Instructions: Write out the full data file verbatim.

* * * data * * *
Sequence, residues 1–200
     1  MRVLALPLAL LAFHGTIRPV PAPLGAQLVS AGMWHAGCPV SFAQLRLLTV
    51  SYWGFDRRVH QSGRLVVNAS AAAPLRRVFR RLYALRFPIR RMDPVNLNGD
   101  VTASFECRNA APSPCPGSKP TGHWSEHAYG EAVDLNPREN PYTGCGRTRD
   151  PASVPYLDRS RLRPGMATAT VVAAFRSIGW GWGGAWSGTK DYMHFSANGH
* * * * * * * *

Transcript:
Sequence, residues 1–200
     1  MRVLALPLAL LAFHGTIRPV PAPLGAQLVS AGMWHAGCPV SFAQLRLLTV
    51  SYWGFDRRVH QSGRLVVNAS AAAPLRRVFR RLYALRFPIR RMDPVNLNGD
   101  VTASFECRNA APSPCPGSKP TGHWSEHAYG EAVDLNPREN PYTGCGRTRD
   151  PASVPYLDRS RLRPGMATAT VVAAFRSIGW GWGGAWSGTK DYMHFSANGH